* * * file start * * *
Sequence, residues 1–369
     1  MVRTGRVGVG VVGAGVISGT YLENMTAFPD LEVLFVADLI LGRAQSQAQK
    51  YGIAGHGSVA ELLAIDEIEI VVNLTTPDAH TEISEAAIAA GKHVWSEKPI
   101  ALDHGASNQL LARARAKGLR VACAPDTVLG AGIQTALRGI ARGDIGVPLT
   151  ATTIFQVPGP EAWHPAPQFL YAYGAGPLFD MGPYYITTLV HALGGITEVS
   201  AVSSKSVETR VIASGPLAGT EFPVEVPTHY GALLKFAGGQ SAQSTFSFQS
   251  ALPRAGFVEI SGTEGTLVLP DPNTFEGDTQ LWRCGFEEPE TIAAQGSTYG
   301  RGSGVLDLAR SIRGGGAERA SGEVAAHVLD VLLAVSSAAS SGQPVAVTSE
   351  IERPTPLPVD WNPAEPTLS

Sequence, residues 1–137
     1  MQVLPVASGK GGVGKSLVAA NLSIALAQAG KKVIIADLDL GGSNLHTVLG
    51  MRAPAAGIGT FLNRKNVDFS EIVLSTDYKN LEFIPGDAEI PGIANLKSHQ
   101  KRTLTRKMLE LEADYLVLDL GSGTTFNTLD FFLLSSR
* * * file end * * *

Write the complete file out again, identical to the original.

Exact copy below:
Sequence, residues 1–369
     1  MVRTGRVGVG VVGAGVISGT YLENMTAFPD LEVLFVADLI LGRAQSQAQK
    51  YGIAGHGSVA ELLAIDEIEI VVNLTTPDAH TEISEAAIAA GKHVWSEKPI
   101  ALDHGASNQL LARARAKGLR VACAPDTVLG AGIQTALRGI ARGDIGVPLT
   151  ATTIFQVPGP EAWHPAPQFL YAYGAGPLFD MGPYYITTLV HALGGITEVS
   201  AVSSKSVETR VIASGPLAGT EFPVEVPTHY GALLKFAGGQ SAQSTFSFQS
   251  ALPRAGFVEI SGTEGTLVLP DPNTFEGDTQ LWRCGFEEPE TIAAQGSTYG
   301  RGSGVLDLAR SIRGGGAERA SGEVAAHVLD VLLAVSSAAS SGQPVAVTSE
   351  IERPTPLPVD WNPAEPTLS

Sequence, residues 1–137
     1  MQVLPVASGK GGVGKSLVAA NLSIALAQAG KKVIIADLDL GGSNLHTVLG
    51  MRAPAAGIGT FLNRKNVDFS EIVLSTDYKN LEFIPGDAEI PGIANLKSHQ
   101  KRTLTRKMLE LEADYLVLDL GSGTTFNTLD FFLLSSR